July already? Crikey.
The past month or so has been both wonderfully and painfully busy - been networking like it was free (it mostly is) and writing/editing as if it generated oxygen. Somewhere in the middle of all of that, I managed to hold down a full time job, help take care of the house, take road trips to Portland and Montana, and, I'm pretty sure I might have slept once or twice. Tired but still creatively motivated.
More and more, the reality of this new adventure is rearing its delicious head up into my horizon - in fact, it feels as if I've already passed into the golden fields, having crossed its border sometime during the dark night now fading behind me. Somehow, I became a writer and didn't even notice.
Seems like every week or so, I get another idea for a story or a book or more, and I'm still less than a book away from finishing the current 6-book series. I'm not complaining, though - clearly, it's better to have more stories than you have time to write than to have no stories and all the time. A lot of them are staying on the back burner for now: the harder science fiction - especially the ones who would do with a fully-developed schedule of tech research, for example - will have to wait until I can dedicate more time to it. On the front burners, there are already plenty of projects I'm pushing through. Still don't understand why I don't feel more stressed out about it. Too busy enjoying doing it, I guess.
One of the parts I'm actually enjoying the most is the mingling with peers. It's so strange to think that as recently as two years ago, all these great people working in publishing - comic books, fiction, sci fi, films, what-have-you - are now people I interact with on an almost daily basis. It's kind of dreamy. I swoon.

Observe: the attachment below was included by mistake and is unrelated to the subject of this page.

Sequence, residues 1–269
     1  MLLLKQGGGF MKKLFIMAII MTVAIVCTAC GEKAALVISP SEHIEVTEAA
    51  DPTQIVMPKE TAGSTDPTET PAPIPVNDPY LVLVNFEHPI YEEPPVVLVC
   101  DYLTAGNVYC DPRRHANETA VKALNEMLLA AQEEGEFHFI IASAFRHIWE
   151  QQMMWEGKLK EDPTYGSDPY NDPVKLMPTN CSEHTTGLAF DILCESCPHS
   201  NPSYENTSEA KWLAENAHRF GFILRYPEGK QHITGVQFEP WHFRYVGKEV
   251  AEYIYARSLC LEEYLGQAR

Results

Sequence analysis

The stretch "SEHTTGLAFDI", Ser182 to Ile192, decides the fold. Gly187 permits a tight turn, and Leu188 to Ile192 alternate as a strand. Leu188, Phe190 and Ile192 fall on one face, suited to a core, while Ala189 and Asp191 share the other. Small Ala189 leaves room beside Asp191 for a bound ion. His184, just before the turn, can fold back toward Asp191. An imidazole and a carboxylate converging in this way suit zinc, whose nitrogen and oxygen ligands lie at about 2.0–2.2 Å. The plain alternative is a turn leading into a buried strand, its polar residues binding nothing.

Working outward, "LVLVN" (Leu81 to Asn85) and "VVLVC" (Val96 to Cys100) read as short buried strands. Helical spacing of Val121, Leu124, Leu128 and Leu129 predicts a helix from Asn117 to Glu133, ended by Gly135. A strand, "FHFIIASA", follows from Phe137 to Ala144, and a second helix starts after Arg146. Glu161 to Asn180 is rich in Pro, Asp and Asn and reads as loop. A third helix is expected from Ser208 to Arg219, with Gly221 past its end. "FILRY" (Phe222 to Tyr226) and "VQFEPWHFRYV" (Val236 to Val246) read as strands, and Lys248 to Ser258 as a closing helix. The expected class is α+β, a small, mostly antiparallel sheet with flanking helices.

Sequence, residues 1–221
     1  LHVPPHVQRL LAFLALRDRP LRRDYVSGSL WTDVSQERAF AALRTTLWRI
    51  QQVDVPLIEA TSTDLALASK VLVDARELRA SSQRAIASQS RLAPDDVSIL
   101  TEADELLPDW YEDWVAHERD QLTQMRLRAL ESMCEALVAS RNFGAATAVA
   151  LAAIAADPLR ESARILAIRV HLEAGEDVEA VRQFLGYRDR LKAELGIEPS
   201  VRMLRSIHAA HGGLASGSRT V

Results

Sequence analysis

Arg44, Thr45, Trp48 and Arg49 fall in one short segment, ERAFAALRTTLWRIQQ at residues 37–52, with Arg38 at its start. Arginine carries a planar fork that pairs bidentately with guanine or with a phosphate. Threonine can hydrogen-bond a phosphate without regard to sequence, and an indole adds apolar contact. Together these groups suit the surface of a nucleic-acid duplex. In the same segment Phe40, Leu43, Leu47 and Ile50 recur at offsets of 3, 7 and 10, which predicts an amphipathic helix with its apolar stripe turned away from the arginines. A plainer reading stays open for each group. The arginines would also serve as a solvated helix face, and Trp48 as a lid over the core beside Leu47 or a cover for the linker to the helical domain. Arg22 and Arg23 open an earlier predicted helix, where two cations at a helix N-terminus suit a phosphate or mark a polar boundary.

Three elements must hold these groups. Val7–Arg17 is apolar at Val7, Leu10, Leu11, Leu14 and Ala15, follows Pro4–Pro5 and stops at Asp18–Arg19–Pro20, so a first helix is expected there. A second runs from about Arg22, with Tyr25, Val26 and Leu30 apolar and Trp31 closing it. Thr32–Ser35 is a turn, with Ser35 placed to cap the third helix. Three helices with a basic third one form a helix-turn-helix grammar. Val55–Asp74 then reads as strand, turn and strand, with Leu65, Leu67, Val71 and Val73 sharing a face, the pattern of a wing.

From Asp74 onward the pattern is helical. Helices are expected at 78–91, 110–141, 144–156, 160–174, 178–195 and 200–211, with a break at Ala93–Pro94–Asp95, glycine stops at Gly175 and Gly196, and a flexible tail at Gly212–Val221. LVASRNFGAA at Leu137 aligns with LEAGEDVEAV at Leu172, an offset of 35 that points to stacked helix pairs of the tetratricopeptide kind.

Seriously, though, the downside to that is that I still presently have a day job - one that is decidedly NOT being an author. And every day, I'm unfortunately reminded of the distinctions between these two worlds. Some days, it feels like I'm Bruce Willis in Twelve Monkeys, uncertain of which reality is "now". It can be both frustrating and disorienting.
For example, one of the most positive elements in self-publishing is the idea of recognizing the motivations and logic behind every decision I make. Each element of work or marketing or design, each step of the way has a reason behind it, and if I don't like something, well, then I just go ahead and change it. But in the corporate world, I'm comparatively unpowered in such aspects. "Don't ask why, we just ask 'how high?'" It's strangely dehumanizing. And the strangest bit of all is how I managed to not notice that sooner. Sure, I knew I didn't like it, but I didn't exactly realize why.
And speaking of the big Y, I've been reading a lot of wonderful blog posts recently by other authors that talk about why they write, or why they self-publish, or why they write and self-publish, etc. It has been really satisfying to see so many who've come into this process for so many of the same reasons I have. It's a wonderful community of writers, and thank god for the internet to bring all our tiny islands together.
One other update - I attended my daughter's school last month at the invitation of her teacher, to sit and talk to the class about being an author, writing, and all of that. It was one of those pivotal and mind-altering moments, to be perfectly honest. The children really got excited about the idea that all these movies and video games and comic books; these myths, even the history we learn about - all of these things come from the craft of storytelling. It's all just one person telling a story to someone else, or writing it down so that it may be later read and shared. The kids were really engaged, and I hope I helped them get a little more enthused about reading. The teacher was very happy with it; and on a side note, I still have trouble calling my daughter's teachers by their first names, even when they're younger than I am. That's just weird.
Well, speaking as I was in regards to the day job - and the writing, for that matter - I have more things to do today than spend my time blogging. Thanks for reading along today, it was nice having you here.
And, as always, if you enjoyed this, feel free to jump over to amazon and check my books out. I remain a pretty big fan of the stories there, and I hope you will, too. Sorry for sounding like I'm pimping myself out, but I am grateful for every single one of you that picked or will pick up one of my books and enjoy the stories written therein. If you do, I'd love to hear what you think of them.
Until then, be well, my friends. Enjoy the day.